That said, some of the more wealthy and less sophisticated H2 drivers who inhabit the McMansions of today, generally want BIG (go figure). That's what the designers keep telling me. To keep it in perspective, these are the folks who take a mass produced ink print, that costs about seven bucks, and spend $800 on a mat and frame job for it. So anyway, when the enlarger is done, I will make a few really big prints, and charge accordingly.
Last edited by JBrunner; 12-31-2007 at 06:25 PM. Click to view previous post history.
That's just, like, my opinion, man...
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Now that I have set up a darkroom [just this month] I am printing 8"x8" for 120 prints and I have the trays for 11"x14" [11"x11" for 120]. The enlarger can go to 20"x24" [35mm, 120, 4"x5"], my easels go up to 16"x20", the print dryer will take 20" wide. To go wider than 11" inches will require larger trays - not a big deal. Then I am limited to 16"x20" until I get a larger easel.
Those are not the driving factors. The driving factor are the wall space and the cost of framing! I have many 11"x14"s and 12"x18"s. I have one 20"x20" and two 24"x36"s. Without taking down the oil paintings I have some room left for 20"x20"s and 24"x36"s.
My thinking at the moment is !6" wide will be my largest until I get a really, really got photograph.
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I have been giving this a lot of thought recently. At the moment I'm in a fairly small apartment, where I would rather display 3-4 framed images from a series rather than one large scale photo.
Although I look at each negative and decide which size this print needs to be. Generally, I prefer small 7 inch prints in a large matts.
At the taking stage, of course I'm thinking about the final print and size choices often enter my head.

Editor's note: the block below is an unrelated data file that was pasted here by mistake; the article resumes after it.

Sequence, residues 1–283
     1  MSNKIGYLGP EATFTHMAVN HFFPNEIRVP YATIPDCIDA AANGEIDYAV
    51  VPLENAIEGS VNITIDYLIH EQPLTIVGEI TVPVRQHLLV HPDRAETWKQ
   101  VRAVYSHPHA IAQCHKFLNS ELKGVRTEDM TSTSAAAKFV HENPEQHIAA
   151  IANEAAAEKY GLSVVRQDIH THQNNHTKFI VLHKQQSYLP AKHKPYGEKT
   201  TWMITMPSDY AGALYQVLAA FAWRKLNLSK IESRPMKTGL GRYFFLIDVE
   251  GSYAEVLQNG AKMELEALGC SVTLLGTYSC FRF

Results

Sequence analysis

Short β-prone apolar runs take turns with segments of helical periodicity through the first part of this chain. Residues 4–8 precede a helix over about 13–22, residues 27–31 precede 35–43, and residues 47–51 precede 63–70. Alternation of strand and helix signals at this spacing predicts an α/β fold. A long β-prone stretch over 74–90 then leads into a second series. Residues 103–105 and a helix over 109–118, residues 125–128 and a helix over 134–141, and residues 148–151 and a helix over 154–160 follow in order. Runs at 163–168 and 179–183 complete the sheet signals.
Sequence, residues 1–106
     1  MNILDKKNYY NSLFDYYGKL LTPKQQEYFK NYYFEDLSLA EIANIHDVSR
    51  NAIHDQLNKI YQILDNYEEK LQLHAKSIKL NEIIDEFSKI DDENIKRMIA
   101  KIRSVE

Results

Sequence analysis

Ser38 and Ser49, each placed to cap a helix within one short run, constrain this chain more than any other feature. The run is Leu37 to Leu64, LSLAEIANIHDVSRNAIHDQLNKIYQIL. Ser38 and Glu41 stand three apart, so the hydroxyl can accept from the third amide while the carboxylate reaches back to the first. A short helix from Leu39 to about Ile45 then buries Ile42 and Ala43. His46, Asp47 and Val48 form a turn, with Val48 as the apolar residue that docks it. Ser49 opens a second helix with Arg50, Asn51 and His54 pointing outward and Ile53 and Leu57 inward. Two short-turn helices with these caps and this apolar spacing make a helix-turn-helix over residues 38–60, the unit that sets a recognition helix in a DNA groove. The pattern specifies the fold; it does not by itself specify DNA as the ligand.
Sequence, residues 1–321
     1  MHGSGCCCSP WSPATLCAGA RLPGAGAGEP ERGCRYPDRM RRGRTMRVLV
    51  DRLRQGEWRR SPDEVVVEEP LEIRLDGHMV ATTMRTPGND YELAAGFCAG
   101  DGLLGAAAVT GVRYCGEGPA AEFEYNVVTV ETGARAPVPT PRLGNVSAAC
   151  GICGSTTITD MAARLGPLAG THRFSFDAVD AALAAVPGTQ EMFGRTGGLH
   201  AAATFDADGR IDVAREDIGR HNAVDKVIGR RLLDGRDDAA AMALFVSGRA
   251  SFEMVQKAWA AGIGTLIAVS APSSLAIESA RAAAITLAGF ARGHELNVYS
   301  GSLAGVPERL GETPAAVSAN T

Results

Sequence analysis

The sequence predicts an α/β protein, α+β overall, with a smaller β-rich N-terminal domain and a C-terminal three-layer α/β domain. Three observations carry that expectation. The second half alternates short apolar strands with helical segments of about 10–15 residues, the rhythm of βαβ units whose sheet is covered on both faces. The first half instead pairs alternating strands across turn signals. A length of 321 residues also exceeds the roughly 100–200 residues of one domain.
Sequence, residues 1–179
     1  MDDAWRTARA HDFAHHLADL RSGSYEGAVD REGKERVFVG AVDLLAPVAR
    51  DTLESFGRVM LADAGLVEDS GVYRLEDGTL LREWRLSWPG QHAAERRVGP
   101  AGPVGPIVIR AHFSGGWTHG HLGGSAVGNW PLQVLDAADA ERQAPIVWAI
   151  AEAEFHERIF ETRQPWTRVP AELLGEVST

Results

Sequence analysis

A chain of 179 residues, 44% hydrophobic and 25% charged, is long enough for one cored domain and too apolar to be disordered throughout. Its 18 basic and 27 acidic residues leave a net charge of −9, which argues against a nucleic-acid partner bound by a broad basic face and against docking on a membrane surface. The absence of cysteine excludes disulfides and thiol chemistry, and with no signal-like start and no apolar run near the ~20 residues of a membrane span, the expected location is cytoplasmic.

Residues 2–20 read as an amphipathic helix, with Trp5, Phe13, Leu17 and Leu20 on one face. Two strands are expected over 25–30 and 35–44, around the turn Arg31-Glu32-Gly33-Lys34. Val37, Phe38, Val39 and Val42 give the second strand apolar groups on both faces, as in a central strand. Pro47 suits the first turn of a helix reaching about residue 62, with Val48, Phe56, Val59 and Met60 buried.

Unless I have a really good reason not to, I make my prints on 24x30cm paper with a 1" margin (yes, I know it's inconsistent. But my paper is metric and my easel is imperial. So there!).
I make a few 24x30cm prints with 8mm borders, but those are contact prints from my 24x30cm camera. Contact prints represent most of the "other size prints" too - 9x12cm, 18x24cm, 8x10", 30x40cm and the odd 5x7".
-- Ole Tjugen, Luddite Elitist
[QUOTE=Sirius Glass;566367]Now that I have set up a darkroom [just this month] I am printing 8"x8" for 120 prints and I have the trays for 11"x14" [11"x11" for 120].
Just curious, I read where Michael Kenna also likes 8x8, and I wondered at this assuming he would drop them into an 11x14, but here you seem to indicate full bleed. Doesn't that risk the edges from handling?
As I've just begun cutting my own mats, I've enjoyed an exceedingly liberating sense of freedom with size. Not so much large or small, but rather being able to print without regard to 'standard' sizes. When you enlarge a 4x5 negative to 11x14, for example, there's a compromise necessary to suit the format. Being able to mat in any configuration I choose, therefore, makes it far more an aesthetic decision than a mechanical one and I can use the 11x14 paper, but fully utilize the negative without needing to crop it in any way. Also, square pictures are all but doomed to stay off the wall unless you can make square mats which are otherwise unavailable from pre-cut sources. Along with your other darkroom equipment, I highly recommend a good or better quality mat cutter....or learn how to do it well with a mat cutter and straightedge.
I'm also finally printing 16x20's from time to time. I spend a lot of time thinking about which photographs I want to enlarge are worthy of that degree of prominence. There's lots of good advice in the thread above about how and why to make that choice. For me, it's still a very fluid conundrum.